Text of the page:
Technology changes quickly. In most cases this is a good thing and we get to reap the rewards of having newer, more efficient products at a reasonable cost. The downside is that some things become outdated rather quickly and we end up wanting to buy the newest, latest gadget more often than we ought to.
There is another downside to this rapid progress, and it relates directly to new cars. Public perception plays a major role in how and why consumers buy or do not buy certain products and often perception doesn't keep pace with reality. For example, Kia has been selling cars in the U.S. for only 10 years. In that time, the company's cars have improved so much that only an avid enthusiast or automotive professional is aware of just how far they have come in those 10 years. The average person on the street would be hard-pressed to notice Kia's improvements, let alone name any of its cars.
There's little question that early Kia products (Sephia and Sportage) were poorly built vehicles that lacked the reliability and durability of their Japanese counterparts. But then came the Optima, Sedona and Sorento a sedan, minivan and SUV that sell at low prices in their respective segments, while offering solid build quality and performance. Now comes the second generation of Kia's volume seller, the Spectra, and it has the potential to raise consumer awareness of the Kia name.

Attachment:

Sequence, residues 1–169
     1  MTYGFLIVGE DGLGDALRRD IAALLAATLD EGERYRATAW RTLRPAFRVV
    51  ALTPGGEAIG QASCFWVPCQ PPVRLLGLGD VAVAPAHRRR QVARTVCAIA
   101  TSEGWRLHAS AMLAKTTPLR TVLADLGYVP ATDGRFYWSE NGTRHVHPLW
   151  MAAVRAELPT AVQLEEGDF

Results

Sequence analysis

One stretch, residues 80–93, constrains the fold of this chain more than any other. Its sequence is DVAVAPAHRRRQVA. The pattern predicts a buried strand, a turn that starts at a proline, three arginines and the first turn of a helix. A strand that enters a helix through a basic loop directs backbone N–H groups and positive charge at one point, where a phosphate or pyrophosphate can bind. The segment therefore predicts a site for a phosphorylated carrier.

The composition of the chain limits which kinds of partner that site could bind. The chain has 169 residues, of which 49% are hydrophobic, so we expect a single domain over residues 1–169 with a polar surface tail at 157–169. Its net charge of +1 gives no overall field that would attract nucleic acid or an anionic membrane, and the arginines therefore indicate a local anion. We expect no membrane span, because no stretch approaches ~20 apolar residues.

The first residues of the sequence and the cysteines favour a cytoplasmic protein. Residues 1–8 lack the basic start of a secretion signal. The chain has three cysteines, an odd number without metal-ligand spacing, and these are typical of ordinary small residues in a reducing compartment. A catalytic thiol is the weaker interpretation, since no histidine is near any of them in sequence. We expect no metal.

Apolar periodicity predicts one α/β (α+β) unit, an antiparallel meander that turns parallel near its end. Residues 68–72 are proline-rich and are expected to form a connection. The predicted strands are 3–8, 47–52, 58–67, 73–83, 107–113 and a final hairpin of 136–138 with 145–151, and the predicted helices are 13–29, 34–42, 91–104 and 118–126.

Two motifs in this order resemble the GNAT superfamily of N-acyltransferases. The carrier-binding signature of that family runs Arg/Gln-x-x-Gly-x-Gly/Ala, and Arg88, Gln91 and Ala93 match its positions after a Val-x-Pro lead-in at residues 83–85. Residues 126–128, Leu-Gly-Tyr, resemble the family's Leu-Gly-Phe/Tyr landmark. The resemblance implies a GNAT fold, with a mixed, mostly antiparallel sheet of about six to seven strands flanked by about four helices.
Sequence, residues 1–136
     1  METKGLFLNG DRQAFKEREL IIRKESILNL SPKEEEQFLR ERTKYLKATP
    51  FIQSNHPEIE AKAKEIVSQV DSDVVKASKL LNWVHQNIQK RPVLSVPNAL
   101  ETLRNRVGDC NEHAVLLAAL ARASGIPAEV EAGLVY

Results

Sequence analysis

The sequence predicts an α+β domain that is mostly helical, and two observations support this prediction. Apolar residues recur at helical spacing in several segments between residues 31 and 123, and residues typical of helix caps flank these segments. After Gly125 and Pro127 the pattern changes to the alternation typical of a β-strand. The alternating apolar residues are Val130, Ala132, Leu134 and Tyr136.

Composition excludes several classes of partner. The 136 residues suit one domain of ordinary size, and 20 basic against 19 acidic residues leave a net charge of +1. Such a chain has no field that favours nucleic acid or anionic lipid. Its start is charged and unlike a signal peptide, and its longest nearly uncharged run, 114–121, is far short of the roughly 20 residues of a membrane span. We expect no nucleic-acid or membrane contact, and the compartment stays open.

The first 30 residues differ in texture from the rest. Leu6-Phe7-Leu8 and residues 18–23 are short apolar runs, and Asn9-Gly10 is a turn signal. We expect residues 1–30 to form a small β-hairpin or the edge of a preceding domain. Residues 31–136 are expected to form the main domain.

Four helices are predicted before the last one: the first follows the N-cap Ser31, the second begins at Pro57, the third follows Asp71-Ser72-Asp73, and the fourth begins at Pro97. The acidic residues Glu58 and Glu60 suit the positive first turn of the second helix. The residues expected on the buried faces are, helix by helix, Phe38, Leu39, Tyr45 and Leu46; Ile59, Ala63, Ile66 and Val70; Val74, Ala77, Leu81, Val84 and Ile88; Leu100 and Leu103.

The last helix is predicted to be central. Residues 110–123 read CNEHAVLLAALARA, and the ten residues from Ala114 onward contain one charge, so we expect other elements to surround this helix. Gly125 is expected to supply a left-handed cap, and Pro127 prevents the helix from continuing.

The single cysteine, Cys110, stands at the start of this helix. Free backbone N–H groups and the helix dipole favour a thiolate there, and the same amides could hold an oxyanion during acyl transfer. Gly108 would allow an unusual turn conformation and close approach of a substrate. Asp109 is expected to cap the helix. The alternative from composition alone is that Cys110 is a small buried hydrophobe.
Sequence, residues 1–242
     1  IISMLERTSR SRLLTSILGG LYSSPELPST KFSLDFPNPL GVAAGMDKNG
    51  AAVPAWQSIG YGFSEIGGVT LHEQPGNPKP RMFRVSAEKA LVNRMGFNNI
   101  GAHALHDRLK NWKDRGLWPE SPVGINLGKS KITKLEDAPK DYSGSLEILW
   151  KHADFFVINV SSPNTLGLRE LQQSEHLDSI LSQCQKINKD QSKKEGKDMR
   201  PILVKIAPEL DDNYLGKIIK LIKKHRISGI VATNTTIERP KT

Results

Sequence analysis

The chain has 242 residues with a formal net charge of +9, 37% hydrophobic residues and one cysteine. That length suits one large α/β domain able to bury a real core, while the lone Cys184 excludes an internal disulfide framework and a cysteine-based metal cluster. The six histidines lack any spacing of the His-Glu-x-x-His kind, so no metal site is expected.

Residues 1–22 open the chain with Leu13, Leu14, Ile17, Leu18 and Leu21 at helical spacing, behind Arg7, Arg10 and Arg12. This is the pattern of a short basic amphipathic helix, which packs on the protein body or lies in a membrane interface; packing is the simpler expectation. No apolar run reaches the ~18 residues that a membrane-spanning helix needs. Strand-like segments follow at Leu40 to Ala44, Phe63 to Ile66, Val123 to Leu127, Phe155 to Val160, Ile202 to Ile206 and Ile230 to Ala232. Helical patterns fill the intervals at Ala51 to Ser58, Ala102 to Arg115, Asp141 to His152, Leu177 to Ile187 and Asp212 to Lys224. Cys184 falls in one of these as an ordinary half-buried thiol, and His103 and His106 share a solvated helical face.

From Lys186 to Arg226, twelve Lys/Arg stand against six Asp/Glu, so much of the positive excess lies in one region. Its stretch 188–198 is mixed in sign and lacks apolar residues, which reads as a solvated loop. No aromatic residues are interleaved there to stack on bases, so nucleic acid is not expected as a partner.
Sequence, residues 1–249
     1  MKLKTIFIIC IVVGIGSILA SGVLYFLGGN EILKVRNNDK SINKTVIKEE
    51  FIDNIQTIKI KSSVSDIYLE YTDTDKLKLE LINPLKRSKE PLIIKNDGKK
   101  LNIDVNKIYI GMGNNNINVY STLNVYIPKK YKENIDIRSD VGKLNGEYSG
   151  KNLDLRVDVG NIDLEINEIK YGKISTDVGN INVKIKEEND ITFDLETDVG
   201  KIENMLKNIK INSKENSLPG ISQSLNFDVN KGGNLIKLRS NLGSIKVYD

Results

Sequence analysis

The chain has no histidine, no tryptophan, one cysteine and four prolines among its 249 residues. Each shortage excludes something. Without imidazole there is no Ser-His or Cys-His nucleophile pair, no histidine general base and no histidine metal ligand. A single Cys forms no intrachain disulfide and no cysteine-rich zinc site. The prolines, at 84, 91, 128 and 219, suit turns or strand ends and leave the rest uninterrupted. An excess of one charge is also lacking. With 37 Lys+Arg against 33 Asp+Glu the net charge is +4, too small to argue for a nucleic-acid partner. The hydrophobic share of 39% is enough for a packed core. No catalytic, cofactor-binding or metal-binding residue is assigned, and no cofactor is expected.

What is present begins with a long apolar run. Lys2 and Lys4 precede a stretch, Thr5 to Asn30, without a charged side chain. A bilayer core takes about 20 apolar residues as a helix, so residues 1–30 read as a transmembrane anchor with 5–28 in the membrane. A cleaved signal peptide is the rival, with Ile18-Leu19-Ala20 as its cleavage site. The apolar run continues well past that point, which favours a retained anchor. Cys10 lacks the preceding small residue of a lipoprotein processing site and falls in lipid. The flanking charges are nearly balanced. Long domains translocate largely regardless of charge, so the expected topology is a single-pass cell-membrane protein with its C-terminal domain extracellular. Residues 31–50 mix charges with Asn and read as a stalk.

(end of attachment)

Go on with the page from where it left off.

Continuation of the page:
Top Kia executives are the first to admit that although some people know the Kia name, very few customers can name a Kia model. This stands in stark contrast to segment-leading model names like Civic, Corolla, Focus and Sentra names that most Americans can recite almost as readily as brand names like General Electric, Maytag and Sony. Kia has no plans to change the name Spectra and hopes to build that model into the type of franchise enjoyed by the previously mentioned Japanese nameplates.